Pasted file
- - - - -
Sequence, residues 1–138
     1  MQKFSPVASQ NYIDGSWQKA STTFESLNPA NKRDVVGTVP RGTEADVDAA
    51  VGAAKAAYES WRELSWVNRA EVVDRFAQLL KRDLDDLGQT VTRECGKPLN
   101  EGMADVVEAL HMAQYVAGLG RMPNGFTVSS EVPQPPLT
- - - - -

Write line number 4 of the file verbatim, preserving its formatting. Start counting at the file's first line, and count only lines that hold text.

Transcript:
   101  EGMADVVEAL HMAQYVAGLG RMPNGFTVSS EVPQPPLT